In boxing, it takes a combination of punches to knock out your opponent. The same is true in advertising. It’s that blend of tactics that makes media convert – in our case into appropriate patient recruitment referrals for your research study.
There comes a time in all parents’ lives when their children ask what they do at work all day. I've decided to be prepared for this eventful moment with the following story of woe and happiness for all to read.
Should you go mobile with your patient recruitment campaign? Why not! Your patients already have. In today’s competitive patient recruitment arena, going mobile is no longer a question but a strategic imperative. But, having an optimized version of your desktop website is not enough. You need a multi-channel strategy to maximize the ROI that lives within the mobile world. You want numbers? Well, if statistics are just numbers looking for a fight, then I say, “Ding! Ding!”
Lasting relationships with patient advocacy and community groups can be an important part of a patient recruitment program. The question is, how do you build those relationships? And once you’ve built them, how do you maintain them? Here are a few ways you can work with advocacy groups as a patient recruitment tactic.
Last week, I attended the 4th Annual Summit for Clinical Ops Executives (SCOPE) conference in Miami. Unfortunately, I didn’t get as tan as I hoped; however, I did have the opportunity to lead a roundtable discussion on social media in the patient recruitment industry. This wasn’t my first rodeo. While we were discussing patient recruitment and social media, it struck me that people are done talking about it and want to start doing it. While I’m completely on board with that idea, the question still remains, “How?”
A few weeks ago, I had the privilege of attending the Connected Health Symposium in Boston, Massachusetts through my graduate student program at Emerson College. This conference brings together leaders in healthcare delivery & design, academics, and technology to tackle healthcare’s toughest challenges. The theme this year was: Innovations to Build Value, Accountable Care and Patient Engagement. I was able to attend a few sessions, and I left feeling enlightened and inspired.
When you think about it, using apps for patient recruitment is a no brainer. Just like with most communications, you have to appeal to your audience. So here’s a little story on how we came to the realization that we needed to build apps.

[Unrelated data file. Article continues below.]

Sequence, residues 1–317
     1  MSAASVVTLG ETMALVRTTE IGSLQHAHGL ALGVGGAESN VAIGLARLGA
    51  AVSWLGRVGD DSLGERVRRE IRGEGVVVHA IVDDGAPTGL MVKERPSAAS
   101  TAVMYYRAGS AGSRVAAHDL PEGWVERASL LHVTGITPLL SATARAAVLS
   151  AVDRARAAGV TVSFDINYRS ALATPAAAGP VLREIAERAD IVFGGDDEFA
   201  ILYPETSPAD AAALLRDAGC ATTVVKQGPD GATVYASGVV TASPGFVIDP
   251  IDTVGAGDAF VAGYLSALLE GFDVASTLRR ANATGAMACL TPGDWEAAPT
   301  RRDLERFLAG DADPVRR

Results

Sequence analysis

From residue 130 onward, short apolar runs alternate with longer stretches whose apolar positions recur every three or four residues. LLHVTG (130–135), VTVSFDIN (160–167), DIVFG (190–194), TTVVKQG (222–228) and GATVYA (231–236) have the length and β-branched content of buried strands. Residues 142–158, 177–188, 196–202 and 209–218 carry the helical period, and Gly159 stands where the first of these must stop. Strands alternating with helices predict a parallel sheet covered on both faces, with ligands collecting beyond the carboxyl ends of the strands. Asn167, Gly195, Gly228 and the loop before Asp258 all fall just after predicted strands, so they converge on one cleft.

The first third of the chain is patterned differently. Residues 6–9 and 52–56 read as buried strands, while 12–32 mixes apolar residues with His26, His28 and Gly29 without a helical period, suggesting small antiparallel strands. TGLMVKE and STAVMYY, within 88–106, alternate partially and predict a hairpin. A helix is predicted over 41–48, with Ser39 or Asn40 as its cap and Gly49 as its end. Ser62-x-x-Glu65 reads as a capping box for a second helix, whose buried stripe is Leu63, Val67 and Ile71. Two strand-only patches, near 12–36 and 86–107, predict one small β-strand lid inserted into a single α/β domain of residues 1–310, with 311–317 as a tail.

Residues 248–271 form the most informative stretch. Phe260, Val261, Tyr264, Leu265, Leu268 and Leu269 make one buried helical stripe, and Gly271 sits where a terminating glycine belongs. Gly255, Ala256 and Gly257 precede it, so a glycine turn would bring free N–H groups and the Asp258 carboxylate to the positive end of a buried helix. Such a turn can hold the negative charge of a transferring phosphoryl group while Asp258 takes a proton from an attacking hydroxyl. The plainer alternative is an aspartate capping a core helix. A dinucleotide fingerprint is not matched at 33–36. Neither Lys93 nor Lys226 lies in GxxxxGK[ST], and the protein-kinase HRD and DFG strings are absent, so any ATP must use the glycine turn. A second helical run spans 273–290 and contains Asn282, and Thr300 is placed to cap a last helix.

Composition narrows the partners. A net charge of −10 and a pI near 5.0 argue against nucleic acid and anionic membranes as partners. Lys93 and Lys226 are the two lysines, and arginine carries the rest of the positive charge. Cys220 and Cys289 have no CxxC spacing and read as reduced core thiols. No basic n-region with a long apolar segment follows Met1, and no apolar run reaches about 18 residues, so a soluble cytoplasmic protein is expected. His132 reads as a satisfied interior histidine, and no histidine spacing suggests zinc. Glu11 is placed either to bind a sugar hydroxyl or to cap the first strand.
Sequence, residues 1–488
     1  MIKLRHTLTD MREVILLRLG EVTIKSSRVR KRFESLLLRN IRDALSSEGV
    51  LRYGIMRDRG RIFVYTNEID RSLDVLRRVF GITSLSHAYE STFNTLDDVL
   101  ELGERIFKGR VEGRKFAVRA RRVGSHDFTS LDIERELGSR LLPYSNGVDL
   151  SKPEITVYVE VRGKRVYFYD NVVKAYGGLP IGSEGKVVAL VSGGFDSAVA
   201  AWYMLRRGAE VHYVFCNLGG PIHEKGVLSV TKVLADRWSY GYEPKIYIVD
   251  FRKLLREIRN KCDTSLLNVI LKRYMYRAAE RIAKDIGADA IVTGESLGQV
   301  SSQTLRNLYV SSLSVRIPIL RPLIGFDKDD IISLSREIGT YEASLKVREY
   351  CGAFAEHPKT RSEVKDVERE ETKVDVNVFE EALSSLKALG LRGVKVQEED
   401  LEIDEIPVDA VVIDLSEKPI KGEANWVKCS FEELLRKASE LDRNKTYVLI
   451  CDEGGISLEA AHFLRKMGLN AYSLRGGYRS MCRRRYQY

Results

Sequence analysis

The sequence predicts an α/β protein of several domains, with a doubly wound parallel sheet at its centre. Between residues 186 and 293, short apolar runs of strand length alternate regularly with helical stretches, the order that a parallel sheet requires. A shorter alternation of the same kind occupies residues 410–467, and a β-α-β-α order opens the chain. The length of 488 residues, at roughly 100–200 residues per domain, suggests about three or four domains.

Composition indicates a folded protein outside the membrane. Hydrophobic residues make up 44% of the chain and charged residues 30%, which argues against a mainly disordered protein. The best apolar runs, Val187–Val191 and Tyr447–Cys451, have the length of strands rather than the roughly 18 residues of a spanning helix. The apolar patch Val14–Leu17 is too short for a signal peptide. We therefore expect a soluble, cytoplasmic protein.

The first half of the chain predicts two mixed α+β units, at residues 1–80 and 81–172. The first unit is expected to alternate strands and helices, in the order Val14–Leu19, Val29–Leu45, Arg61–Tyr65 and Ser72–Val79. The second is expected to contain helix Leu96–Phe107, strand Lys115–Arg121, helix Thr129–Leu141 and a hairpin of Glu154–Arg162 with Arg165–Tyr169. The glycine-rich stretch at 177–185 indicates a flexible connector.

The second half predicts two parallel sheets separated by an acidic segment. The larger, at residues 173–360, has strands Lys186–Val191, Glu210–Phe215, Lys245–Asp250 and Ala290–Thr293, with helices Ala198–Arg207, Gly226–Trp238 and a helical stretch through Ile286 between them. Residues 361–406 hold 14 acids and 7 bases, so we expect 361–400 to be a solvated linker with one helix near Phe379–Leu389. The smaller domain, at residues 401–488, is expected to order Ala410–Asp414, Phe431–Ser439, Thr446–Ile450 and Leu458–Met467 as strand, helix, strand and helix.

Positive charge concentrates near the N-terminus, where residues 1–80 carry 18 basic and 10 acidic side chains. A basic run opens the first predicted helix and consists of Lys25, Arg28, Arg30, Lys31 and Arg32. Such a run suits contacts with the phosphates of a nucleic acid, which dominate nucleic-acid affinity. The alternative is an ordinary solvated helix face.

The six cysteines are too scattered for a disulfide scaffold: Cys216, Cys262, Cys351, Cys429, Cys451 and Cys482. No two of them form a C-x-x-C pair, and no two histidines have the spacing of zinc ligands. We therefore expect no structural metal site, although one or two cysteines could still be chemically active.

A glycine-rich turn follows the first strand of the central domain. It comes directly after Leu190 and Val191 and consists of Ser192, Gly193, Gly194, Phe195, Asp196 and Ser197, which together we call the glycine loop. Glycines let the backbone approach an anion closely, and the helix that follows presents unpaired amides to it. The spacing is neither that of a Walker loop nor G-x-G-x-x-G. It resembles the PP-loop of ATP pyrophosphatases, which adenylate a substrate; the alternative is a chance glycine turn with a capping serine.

As we’ve written about in previous blog articles, patient retention is about building relationships. This is easier said than done. One example that comes to my mind is a study where we had to come up with retention items for teenagers. It’s a little sad to say, but the days of board games and fun collectibles are pretty much out the door with this generation. If it’s not a new iPad®, iPhone®, video game, or the latest fashion, the teens these days aren’t interested. On a side note, I can’t believe I just wrote, “teens these days,” wow I’m getting old. Anyway, keeping people engaged in a study is important. If you don’t, you’ll be hiring BBK for our Lost to Follow Up Program, (had to throw a quick plug in there.) So how can we in the pharma and patient recruitment industry take on this challenge? Can a backpack still be engaging enough? What about a water bottle? Here are five ideas to think about when coming up with patient retention items.
Around nine years ago when BBK began expanding into the global clinical trial arena, fashioning recruitment strategies and materials that could be used to better effectively communicate clinical trial opportunities to patients, we found that many sponsors, CROs and other partner organizations were very skeptical about whether audiences outside the United States would approve.
Matthew Stumm, head of BBK Worldwide's creative and media team, comments on the profound impact that consumer electronics and healthcare-related information sources are having on drug development in the June issue of European Pharmaceutical Contractor. Stumm notes how important timely patient recruitment is for unlocking drug franchise success and advises sponsors to adapt to the way patients and physicians utilize mobile devices and social media.